Seeking the thought leaders of online journalism

Media | The Themes
Here are my own brief answers to Who’s Respected in Online Journalism? These are quick thoughts, and I have ludicrously high standards, and I have the bias of working on reactionary theories. I’m still most curious to learn what other people think.

First of all, if I’ve read one vision statement, I’ve read them all, and am still seeing stuff repeated that was said ten years ago. For the best analysis, I enjoy Mark Glaser of USC’s Online Journalism Review. He interviews the right people and asks the right questions, and tidies it up well-composed articles.

While vision is easy, execution is hard. There’s always good research coming from the Pew Internet & American Life Project. I rarely see people online news professionals commission research or ademonstrate how to apply it. It appears to me like most research is anecdotal– maybe there hasn’t been enough time? Maybe there’s too many people winging it like me? But some questions: Should discussion forums proscribe real names? (Here’s my answer.) How to scale for large discussions? (Ditto.) What portion of time should a reporter devote to interacting online– against real reporting? (Marc Fisher of the Washington Post raised that in an October article in the Princeton Alumni Weekly).

As for links & community, that’s where the online news should shine. But the online news world has a difficult time “eating its own dog food,” as we say in the software world. The OJR balances out in its articles with brief blog posts. Yet for long stretches of time, I’m the most frequent poster. The articles most commented-on tend to be surveys of different websites or products– which invariably bring responses from people wishing to have been included, or wanting to clarify what was written about them.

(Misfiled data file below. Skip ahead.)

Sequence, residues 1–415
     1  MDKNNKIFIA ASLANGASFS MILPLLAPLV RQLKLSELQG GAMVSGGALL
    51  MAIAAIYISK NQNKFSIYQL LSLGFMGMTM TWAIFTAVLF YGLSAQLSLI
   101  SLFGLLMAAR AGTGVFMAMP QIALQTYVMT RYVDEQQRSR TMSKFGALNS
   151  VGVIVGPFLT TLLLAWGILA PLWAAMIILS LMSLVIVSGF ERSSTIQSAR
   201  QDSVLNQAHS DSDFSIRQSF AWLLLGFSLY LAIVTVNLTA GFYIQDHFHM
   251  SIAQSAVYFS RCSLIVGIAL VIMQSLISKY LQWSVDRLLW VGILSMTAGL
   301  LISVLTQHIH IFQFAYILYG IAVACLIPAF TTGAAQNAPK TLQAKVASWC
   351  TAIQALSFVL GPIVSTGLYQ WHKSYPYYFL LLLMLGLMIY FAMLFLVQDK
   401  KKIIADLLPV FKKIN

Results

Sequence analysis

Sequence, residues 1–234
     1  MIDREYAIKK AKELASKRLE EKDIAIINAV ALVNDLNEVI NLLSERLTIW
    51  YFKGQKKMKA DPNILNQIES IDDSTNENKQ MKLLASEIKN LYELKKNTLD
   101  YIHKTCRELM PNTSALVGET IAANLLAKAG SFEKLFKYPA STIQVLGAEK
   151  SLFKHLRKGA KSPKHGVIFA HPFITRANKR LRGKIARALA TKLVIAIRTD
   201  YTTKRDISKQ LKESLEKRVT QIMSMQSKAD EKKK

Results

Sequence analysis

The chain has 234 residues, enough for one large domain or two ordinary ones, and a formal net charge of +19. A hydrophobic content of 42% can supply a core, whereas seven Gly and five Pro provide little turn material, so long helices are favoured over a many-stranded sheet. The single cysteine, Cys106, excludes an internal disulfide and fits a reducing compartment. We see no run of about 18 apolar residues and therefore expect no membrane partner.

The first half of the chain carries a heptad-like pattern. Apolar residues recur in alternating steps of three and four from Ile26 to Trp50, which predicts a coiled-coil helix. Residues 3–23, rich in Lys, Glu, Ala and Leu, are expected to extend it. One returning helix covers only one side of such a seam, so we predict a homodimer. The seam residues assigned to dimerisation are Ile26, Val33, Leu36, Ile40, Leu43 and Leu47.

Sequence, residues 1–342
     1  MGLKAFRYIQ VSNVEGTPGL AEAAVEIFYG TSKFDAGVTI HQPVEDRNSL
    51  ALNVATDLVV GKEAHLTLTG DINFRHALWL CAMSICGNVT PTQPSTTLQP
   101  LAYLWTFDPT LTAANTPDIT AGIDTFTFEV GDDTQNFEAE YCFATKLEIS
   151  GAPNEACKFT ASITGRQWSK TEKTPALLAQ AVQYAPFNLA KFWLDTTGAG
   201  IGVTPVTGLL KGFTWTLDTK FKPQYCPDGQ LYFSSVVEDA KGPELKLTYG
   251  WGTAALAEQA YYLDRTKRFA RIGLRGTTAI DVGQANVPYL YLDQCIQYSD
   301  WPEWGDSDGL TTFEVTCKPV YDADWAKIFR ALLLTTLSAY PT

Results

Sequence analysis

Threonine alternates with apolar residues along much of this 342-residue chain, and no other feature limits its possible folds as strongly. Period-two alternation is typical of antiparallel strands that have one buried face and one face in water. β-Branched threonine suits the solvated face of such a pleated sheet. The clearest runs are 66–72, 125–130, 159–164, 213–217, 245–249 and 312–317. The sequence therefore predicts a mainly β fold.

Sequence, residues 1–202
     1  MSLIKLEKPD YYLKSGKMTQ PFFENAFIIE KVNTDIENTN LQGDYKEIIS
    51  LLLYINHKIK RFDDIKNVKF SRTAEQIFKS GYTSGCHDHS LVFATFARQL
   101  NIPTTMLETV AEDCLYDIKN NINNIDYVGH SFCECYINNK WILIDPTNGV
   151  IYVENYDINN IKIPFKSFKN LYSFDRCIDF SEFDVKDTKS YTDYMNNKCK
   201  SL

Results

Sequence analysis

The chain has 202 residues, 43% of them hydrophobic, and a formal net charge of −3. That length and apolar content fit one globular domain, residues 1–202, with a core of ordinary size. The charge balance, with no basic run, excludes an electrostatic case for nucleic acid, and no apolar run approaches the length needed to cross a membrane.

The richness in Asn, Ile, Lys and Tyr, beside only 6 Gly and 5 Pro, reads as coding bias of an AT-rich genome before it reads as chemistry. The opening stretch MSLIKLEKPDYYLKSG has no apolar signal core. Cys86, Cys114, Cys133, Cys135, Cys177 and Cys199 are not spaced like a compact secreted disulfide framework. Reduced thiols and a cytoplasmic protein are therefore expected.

There’s an ONA email list. But nowhere is there any 21st-century technology in use, a web-based content management system for links & discussions. (I’ve volunteered, but maybe not to the right people). The headlines for the ONA website come via Jonathan Dube’s Cyberjournalist. They’re a mixed bag. Some are unique; others are repeated elsewhere. I would have thought that if anyone were to advocate extending RSS syndication to better classify article types (beyond my doing so), it would be the online news community.

There was one media-related site that was a finalist in the Online Journalism Awards for a specialty news site (small)– PaidContent, by Rafat Ali and Staci Kramer. I haven’t seen much in it that matches my questions above; I’ll be posting more about it tomorrow.